European economic interest group (EEIG)

Last updated more than 5 years ago

The status of a European Economic Interest Group (EEIG) (groupement européen d'intérêt économique - GEIE) is almost identical to that of an Economic Interest Group (EIG) (groupement d'intérêt économique - GIE). We find the same principle of contractual freedom and the attribution of a legal personality for an EEIG. We also find the same aim, which is to promote the business of members, in this case established on different territories of the European Union.

An EEIG is an instrument for cross-border cooperation between members established within the European Union. Finally, we find the same rule of joint and several liability of members for the debts of the company.

Who is concerned

An EEIG is intended for natural or legal persons that wish to:

  • extend their business activities across borders;
  • create a joint-venture in other European countries.


An EEIG must:
  • bring together at least 2 businesses operating in at least two different European countries;
  • limit its activities to the extension of the economic activities of its members.

How to proceed


The characteristics of an EEIG are exactly the same as those of a EIG, except for the international nature of an EEIG.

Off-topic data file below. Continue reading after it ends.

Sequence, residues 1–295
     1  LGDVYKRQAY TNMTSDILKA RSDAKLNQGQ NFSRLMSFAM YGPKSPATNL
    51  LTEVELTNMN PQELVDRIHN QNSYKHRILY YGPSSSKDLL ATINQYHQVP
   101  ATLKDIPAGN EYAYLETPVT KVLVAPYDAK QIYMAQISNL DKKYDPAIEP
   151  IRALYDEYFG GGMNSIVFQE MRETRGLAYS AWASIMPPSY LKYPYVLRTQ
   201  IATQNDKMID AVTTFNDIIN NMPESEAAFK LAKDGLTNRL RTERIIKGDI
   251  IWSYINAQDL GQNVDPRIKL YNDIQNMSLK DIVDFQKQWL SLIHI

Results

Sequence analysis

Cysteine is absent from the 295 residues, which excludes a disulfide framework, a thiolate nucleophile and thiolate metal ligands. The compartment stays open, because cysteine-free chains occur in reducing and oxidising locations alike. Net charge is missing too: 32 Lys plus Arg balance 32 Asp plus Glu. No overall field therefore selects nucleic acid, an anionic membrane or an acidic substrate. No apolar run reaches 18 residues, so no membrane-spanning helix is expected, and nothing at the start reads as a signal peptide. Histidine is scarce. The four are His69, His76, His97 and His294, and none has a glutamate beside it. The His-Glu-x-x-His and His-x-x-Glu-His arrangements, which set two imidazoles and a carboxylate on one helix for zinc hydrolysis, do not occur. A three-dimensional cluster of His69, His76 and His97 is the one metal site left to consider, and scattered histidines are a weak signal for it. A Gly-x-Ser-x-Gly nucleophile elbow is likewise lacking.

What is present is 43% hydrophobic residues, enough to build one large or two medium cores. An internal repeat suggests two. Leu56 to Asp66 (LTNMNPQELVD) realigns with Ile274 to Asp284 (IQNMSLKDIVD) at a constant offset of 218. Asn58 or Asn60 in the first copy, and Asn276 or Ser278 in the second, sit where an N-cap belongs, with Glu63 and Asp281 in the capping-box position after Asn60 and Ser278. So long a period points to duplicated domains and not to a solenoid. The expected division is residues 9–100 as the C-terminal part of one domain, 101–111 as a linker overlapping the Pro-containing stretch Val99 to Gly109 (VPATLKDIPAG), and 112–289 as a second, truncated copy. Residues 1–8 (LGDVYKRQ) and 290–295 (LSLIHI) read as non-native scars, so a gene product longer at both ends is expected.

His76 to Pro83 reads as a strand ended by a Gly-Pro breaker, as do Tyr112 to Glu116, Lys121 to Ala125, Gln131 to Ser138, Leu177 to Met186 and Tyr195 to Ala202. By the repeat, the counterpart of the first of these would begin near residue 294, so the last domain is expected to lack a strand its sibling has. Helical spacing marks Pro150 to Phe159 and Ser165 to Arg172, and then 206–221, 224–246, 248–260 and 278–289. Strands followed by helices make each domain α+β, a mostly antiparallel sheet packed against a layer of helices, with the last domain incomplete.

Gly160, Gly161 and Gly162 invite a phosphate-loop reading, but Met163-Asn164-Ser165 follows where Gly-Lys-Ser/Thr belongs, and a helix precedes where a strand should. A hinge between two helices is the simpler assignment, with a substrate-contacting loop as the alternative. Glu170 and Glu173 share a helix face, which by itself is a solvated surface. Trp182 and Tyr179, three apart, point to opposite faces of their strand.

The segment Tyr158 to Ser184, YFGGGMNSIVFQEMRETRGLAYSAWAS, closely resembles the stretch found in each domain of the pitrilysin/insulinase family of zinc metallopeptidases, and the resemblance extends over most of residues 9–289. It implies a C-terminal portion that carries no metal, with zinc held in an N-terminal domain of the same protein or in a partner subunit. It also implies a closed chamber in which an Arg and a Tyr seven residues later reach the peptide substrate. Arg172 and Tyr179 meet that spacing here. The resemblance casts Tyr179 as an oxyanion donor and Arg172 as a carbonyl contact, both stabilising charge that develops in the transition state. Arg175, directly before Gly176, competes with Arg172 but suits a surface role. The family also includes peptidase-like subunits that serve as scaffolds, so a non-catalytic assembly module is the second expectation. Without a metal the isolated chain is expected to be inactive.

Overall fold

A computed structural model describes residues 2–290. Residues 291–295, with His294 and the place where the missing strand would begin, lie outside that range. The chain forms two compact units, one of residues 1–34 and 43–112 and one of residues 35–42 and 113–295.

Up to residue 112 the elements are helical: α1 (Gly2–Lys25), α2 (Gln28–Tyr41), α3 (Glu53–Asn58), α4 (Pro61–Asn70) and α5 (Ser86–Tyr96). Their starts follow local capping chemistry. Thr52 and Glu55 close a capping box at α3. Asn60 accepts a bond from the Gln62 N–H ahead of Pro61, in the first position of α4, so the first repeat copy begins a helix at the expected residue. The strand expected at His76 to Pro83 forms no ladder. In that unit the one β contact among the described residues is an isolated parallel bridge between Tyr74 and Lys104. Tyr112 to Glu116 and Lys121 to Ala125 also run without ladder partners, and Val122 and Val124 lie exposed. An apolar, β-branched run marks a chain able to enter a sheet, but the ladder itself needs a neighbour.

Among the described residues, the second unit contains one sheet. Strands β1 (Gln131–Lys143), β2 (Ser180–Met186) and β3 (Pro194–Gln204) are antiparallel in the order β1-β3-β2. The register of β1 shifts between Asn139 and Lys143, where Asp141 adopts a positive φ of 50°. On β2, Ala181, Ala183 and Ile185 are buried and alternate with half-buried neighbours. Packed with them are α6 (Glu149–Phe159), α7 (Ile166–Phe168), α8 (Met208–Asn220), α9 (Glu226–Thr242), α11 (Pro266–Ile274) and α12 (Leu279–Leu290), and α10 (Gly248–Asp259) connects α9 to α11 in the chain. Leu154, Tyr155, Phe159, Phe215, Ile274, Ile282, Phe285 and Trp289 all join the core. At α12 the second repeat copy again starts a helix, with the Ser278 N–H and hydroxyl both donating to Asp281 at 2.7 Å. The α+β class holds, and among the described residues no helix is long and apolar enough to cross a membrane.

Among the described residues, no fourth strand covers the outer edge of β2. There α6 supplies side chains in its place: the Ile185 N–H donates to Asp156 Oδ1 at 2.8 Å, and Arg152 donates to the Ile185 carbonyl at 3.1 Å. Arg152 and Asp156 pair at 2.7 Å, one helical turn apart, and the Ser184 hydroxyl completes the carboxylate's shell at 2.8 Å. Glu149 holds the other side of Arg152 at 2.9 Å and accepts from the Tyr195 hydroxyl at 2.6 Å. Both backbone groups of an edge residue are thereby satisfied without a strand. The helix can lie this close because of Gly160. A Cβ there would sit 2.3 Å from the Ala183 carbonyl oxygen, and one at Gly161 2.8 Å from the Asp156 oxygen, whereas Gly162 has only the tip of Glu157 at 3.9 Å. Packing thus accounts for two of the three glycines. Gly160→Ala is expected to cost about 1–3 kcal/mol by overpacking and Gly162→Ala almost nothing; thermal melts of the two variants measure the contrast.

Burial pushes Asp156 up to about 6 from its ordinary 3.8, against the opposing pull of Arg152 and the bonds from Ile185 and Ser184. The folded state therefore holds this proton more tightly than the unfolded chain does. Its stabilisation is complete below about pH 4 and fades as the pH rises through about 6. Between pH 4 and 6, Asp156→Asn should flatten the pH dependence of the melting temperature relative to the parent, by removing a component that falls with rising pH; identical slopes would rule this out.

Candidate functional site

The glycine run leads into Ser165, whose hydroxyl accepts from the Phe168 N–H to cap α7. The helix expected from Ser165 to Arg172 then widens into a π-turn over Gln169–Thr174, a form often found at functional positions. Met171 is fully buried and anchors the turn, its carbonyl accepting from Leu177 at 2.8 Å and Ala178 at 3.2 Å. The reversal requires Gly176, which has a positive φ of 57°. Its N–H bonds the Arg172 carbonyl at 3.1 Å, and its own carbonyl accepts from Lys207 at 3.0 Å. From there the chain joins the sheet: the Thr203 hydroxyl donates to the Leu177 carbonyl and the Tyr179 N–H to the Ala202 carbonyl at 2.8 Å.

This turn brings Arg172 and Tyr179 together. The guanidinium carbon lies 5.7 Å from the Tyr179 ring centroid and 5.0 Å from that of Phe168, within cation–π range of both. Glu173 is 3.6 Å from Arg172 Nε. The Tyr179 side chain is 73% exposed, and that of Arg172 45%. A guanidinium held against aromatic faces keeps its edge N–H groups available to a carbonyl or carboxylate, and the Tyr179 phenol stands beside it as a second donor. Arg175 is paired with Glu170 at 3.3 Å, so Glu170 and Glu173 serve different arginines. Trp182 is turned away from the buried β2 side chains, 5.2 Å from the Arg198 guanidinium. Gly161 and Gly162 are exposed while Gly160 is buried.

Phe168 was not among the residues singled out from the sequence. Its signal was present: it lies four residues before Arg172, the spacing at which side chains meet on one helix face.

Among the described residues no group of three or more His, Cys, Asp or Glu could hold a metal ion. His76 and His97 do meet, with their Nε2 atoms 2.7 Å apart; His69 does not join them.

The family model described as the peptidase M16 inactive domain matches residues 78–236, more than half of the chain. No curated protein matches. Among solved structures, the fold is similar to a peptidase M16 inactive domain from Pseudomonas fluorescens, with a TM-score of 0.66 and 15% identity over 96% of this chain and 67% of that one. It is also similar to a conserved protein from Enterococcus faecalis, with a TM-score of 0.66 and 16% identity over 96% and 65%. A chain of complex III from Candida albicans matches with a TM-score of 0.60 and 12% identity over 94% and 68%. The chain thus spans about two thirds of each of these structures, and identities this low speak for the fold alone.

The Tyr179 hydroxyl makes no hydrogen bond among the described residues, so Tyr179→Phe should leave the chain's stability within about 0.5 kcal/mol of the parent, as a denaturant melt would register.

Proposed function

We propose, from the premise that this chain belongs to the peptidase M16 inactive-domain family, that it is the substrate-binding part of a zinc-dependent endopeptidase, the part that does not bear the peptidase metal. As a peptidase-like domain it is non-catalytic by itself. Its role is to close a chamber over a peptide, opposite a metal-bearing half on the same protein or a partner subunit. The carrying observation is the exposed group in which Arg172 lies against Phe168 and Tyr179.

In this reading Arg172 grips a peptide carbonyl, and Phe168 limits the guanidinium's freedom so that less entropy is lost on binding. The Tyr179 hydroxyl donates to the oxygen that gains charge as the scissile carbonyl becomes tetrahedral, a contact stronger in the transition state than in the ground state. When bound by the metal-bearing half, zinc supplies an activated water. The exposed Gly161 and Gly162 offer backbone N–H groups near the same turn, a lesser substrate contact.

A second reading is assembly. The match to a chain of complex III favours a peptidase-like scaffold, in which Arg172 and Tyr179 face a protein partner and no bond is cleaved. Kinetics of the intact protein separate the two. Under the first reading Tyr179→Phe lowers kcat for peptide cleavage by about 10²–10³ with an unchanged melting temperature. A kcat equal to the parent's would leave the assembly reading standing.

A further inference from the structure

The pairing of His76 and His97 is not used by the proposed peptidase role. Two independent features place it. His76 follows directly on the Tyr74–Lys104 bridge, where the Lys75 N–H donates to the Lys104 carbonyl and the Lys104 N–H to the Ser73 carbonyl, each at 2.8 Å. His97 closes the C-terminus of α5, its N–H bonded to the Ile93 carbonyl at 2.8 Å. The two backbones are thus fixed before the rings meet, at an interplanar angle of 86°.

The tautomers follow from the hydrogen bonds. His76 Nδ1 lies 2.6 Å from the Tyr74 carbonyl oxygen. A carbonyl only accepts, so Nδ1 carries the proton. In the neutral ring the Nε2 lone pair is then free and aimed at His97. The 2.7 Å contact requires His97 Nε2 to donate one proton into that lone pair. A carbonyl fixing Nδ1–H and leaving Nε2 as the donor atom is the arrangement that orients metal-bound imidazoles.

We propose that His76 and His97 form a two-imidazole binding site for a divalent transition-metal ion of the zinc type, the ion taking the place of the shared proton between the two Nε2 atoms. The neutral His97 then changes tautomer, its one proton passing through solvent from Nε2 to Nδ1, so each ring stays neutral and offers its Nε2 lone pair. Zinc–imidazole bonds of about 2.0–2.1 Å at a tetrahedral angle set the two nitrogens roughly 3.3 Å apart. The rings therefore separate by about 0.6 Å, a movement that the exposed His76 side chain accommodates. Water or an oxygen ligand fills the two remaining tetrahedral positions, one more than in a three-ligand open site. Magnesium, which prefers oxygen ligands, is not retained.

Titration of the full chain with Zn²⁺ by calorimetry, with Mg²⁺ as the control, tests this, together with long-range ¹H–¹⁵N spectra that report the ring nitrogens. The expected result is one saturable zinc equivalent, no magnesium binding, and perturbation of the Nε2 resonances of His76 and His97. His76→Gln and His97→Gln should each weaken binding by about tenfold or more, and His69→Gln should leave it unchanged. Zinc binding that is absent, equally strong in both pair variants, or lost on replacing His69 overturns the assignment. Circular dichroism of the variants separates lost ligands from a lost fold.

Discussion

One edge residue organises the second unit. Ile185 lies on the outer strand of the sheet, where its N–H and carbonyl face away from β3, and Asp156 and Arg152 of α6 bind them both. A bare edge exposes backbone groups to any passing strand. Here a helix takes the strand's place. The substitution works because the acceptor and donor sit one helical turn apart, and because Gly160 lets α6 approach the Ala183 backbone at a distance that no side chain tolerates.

There are certain specific features due to the transnational nature of the group:

  • the laws of the state of the registered office of the EEIG govern the group contract and determine the capacity of the natural and legal persons;
  • European Community law governs the conditions for dissolution of the EEIG, with the national law of the registered office of the EEIG governing the mechanisms of its liquidation and closure;
  • the headquarters of the group is either at the place where it has its main establishment, or at the place where one of its members has its main establishment (legal person) or exercises its main activity (natural person). It must be located within the European Union;
  • the registered office may be transferred freely within the European Union, without giving rise to a new legal person;
  • any member of the group may transfer his participation in the EEIG, with the unanimous agreement of the other members, either to another member or to a third party;
  • an EEIG is fiscally transparent: each member is liable for the corporate income tax for the share of profits he earns;
  • as for international taxation, if the member companies of an EEIG are foreign, the income paid to them by the EEIG will only be subject to Luxembourg tax on non-residents if the EEIG is deemed to be a 'permanent establishment'. The rules that apply to an EEIG depend on the concept of 'permanent establishment'.
    In the case of an EEIG considered to be a permanent establishment in Luxembourg, its members, whether Luxembourgers or foreign nationals, are taxed in Luxembourg on the income paid by the group. Failing this, the members are taxed according to the taxation rules of their country of residence. The same rule applies to losses.

Who to contact

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